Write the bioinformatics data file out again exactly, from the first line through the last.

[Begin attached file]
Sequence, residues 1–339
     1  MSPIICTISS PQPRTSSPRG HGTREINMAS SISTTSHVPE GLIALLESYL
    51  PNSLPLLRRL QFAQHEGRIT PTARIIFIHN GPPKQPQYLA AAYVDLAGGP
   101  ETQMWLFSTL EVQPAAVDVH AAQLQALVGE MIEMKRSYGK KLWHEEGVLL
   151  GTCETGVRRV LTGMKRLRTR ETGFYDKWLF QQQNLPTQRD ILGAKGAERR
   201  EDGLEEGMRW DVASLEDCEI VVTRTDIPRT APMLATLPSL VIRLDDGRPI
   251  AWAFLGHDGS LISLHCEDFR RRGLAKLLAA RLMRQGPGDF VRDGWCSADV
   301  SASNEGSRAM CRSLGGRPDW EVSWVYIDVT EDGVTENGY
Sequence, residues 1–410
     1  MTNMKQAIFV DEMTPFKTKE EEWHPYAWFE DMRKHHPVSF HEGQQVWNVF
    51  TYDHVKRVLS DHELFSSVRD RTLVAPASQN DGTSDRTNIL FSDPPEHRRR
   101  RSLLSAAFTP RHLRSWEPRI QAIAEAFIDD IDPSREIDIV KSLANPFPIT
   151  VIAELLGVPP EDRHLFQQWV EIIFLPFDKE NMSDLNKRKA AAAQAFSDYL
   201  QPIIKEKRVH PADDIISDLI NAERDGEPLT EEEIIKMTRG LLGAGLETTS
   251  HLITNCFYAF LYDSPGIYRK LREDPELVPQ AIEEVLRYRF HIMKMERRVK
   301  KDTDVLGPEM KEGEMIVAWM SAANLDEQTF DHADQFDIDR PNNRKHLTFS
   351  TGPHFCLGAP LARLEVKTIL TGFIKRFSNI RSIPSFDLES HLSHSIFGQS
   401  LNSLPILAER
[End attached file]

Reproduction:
Sequence, residues 1–339
     1  MSPIICTISS PQPRTSSPRG HGTREINMAS SISTTSHVPE GLIALLESYL
    51  PNSLPLLRRL QFAQHEGRIT PTARIIFIHN GPPKQPQYLA AAYVDLAGGP
   101  ETQMWLFSTL EVQPAAVDVH AAQLQALVGE MIEMKRSYGK KLWHEEGVLL
   151  GTCETGVRRV LTGMKRLRTR ETGFYDKWLF QQQNLPTQRD ILGAKGAERR
   201  EDGLEEGMRW DVASLEDCEI VVTRTDIPRT APMLATLPSL VIRLDDGRPI
   251  AWAFLGHDGS LISLHCEDFR RRGLAKLLAA RLMRQGPGDF VRDGWCSADV
   301  SASNEGSRAM CRSLGGRPDW EVSWVYIDVT EDGVTENGY
Sequence, residues 1–410
     1  MTNMKQAIFV DEMTPFKTKE EEWHPYAWFE DMRKHHPVSF HEGQQVWNVF
    51  TYDHVKRVLS DHELFSSVRD RTLVAPASQN DGTSDRTNIL FSDPPEHRRR
   101  RSLLSAAFTP RHLRSWEPRI QAIAEAFIDD IDPSREIDIV KSLANPFPIT
   151  VIAELLGVPP EDRHLFQQWV EIIFLPFDKE NMSDLNKRKA AAAQAFSDYL
   201  QPIIKEKRVH PADDIISDLI NAERDGEPLT EEEIIKMTRG LLGAGLETTS
   251  HLITNCFYAF LYDSPGIYRK LREDPELVPQ AIEEVLRYRF HIMKMERRVK
   301  KDTDVLGPEM KEGEMIVAWM SAANLDEQTF DHADQFDIDR PNNRKHLTFS
   351  TGPHFCLGAP LARLEVKTIL TGFIKRFSNI RSIPSFDLES HLSHSIFGQS
   401  LNSLPILAER